City of Vancouver seeking new street cleaning services for Downtown Eastside and Chinatown

Jan 5 2023, 1:07 am

A new contractor is being sought by the City of Vancouver to perform public space cleaning services within the core of the Downtown Eastside and the adjacent northernmost perimeter of Chinatown.

The area to be cleaned by this dedicated service team spans about 10 city blocks — framed by Abbott Street to the west, Cordova Street to the north, Dunlevy Avenue to the east, and Pender Street to the south, which covers the encampment centralized along Hastings Street within this area.

With the emergence of the encampment last summer, this area has been a highly problematic area for cleanliness, pedestrian accessibility, and health and fire safety, and there has been a noticeable spillover effect on Chinatown to the south.

The municipal government is looking to finalize the contractor by the end of this month, allowing street cleaning services to start their work in early February. The contract will run through the end of July, when $450,000 in funding received by the City from the Union of BC Municipalities expires.

“The purpose of the project is to improve cleanliness and sanitary conditions, maintain accessibility for all pedestrians, and reduce fire hazards in the project space, while also providing job support and applied skills training opportunities for youths and adults who experience barriers to traditional employment, including those from equity seeking groups,” states the City, noting that they welcome proposals from not-for-profit organizations and social enterprises.

downtown eastside chinatown vancouver street cleaning area 2023

Project area for street cleaning services within the the core area of the Downtown Eastside and a portion of Chinatown. (City of Vancouver)

The contractor will be required to improve cleanliness and sanitary conditions within the area, including power washing and “micro-cleaning” — the collection of litter and needles on foot using brooms, shovels, and wheeled garbage carts. They will be required to work with property owners to gain access to water in order to complete power washing.

While the contractor’s work is expected to have the effect of reducing fire hazards and improving pedestrian accessibility, the City has emphasized the contractor is not expected to forcibly remove tents, structures, and other encroachments. But they will “initiate conversations with community members” in tents or other structures on maintaining accessibility for pedestrians and businesses, fire safety, and storage options for their belongings.

The selected contractor will be required to abide by the municipal government’s strict framework and terms to help ensure the effectiveness of the investment, and secure accountability. To this end, the contractor will provide monthly project metrics to the municipal government using a template provided by the City, and prepare a final report this summer shortly after the contract expires, including a summary of metrics and all expenditures, as well as lessons learned, successes, challenges, and future recommendations. Furthermore, the contractor will also be required to meet with City staff and other partners on a monthly basis to provide updates on the project.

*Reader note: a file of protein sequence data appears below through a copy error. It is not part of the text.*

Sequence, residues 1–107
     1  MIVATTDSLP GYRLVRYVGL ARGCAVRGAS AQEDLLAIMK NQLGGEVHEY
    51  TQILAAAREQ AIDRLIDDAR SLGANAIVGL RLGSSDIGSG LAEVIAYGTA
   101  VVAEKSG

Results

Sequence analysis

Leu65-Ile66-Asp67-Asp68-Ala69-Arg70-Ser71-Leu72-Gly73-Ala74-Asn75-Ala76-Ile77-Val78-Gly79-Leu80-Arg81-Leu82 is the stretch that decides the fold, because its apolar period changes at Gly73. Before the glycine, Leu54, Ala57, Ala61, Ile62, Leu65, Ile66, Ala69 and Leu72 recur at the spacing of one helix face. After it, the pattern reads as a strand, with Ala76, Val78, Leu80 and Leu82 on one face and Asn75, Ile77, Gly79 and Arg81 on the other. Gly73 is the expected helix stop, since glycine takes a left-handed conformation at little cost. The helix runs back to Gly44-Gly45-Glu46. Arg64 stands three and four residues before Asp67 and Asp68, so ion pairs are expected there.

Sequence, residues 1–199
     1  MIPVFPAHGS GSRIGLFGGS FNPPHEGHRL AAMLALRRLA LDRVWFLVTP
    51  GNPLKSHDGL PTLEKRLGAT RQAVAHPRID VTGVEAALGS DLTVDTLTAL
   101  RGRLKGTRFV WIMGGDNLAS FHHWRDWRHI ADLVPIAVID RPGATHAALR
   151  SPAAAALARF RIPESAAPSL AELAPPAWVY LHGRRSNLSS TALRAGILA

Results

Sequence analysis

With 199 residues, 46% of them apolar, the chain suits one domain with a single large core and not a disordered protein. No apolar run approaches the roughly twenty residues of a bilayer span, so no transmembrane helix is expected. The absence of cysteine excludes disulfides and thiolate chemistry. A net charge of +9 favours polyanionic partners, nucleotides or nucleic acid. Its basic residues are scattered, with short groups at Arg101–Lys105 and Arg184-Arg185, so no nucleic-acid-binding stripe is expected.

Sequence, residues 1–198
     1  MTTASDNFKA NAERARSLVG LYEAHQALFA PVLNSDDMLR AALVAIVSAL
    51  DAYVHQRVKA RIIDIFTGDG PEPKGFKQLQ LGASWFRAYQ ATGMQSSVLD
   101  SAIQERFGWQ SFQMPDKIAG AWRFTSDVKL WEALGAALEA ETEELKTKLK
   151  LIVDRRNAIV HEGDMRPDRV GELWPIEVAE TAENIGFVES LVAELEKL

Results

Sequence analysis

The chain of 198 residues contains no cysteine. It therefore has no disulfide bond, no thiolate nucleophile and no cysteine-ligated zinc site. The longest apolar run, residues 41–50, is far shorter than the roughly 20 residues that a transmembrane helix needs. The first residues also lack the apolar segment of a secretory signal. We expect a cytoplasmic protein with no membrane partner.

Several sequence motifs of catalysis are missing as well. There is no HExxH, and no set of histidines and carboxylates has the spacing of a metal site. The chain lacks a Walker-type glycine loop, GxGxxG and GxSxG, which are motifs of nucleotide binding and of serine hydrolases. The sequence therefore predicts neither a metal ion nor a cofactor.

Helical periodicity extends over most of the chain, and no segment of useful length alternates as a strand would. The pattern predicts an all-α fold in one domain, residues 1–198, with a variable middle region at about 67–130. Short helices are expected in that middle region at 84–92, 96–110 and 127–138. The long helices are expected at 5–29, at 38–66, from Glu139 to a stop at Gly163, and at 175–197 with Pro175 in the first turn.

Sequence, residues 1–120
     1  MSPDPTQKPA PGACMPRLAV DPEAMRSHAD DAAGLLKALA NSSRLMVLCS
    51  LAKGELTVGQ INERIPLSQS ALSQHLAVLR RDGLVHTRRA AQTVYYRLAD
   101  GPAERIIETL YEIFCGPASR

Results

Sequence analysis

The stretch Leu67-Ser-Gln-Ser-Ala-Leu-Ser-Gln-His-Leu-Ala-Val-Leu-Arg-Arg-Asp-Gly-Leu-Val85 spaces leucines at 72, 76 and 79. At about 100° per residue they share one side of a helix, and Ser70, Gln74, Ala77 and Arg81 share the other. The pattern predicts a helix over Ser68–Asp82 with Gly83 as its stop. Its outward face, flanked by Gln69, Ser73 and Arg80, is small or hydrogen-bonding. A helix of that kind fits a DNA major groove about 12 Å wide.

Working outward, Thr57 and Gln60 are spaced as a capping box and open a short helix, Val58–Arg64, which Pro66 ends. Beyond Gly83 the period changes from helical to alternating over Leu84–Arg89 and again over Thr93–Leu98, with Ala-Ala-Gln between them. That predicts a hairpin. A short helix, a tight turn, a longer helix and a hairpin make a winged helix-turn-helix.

Additionally, the contractor will provide the municipal government with an up-to-date cleaning schedule, which will help to better ensure accountability and enable City crews to schedule their sidewalk deep cleaning work after the contractor performs micro-cleaning.

As another layer of accountability, the contractor will be paid by the City on a monthly basis, instead of lump sum.

The municipal government began the process of looking for a new contractor in the middle of December.

This came just weeks after the City suddenly terminated its controversial $320,000 “Block Stewardship” street cleaning contract with the Vancouver Area Network of Drug Users (VANDU) in late November, amidst growing public criticism over the lack of any improvements on street cleanliness and the removal of clutter. At the time of the contract termination, VANDU leadership suggested they had directed the funding they had received from the City towards their organization’s general operations, instead of the City’s intended purpose of directly towards street cleaning activities.

Separately, shortly after the 2022 civic election, Vancouver City Council approved a member motion directing City staff to create an action plan outlining “urgent measures to uplift Chinatown,” such as enhanced street, laneway, and sidewalk cleaning, and garbage and needle pick-up, as well as new graffiti removal strategies, placemaking, and murals.

In July, fire officials with the City made an order for the “immediate removal” of the encampment’s tents and structures due to the fire hazards not only from the nature of the encampment, but also to the surrounding buildings. The order was never fully enforced as it was met with opposition by those living in the encampment.

Premier David Eby has suggested his government will take steps this year to put an end to both the Hastings Street and Crab Park encampments.

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